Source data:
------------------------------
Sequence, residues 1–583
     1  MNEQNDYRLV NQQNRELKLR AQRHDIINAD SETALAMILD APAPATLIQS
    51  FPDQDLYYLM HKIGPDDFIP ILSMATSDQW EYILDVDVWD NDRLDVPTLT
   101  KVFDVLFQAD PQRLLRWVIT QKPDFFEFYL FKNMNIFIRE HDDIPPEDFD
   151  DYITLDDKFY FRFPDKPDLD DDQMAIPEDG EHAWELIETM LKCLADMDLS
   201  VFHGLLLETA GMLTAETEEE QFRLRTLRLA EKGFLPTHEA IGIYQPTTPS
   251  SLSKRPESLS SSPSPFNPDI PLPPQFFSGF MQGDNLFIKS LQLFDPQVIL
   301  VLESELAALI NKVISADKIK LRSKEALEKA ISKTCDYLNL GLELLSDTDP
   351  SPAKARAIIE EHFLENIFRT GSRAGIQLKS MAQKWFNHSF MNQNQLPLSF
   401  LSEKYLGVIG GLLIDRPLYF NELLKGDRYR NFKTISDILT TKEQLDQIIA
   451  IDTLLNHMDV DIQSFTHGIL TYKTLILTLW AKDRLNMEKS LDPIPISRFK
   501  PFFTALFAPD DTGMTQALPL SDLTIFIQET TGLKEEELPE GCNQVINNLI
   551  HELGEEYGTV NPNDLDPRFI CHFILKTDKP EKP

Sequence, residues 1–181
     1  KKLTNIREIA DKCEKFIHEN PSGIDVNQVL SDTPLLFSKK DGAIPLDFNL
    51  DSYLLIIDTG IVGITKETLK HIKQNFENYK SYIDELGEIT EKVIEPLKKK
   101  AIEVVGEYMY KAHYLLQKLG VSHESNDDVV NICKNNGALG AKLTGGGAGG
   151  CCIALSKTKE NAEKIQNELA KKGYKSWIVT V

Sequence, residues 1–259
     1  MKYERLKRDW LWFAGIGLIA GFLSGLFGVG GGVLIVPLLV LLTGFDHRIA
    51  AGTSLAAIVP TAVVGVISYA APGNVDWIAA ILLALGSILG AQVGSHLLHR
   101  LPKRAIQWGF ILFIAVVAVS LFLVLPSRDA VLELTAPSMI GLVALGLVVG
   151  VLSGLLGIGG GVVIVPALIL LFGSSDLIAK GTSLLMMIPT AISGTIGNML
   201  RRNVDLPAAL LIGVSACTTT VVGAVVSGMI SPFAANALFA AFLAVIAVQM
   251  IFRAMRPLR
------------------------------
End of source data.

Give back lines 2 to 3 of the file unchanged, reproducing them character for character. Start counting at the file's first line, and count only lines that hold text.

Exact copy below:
     1  MNEQNDYRLV NQQNRELKLR AQRHDIINAD SETALAMILD APAPATLIQS
    51  FPDQDLYYLM HKIGPDDFIP ILSMATSDQW EYILDVDVWD NDRLDVPTLT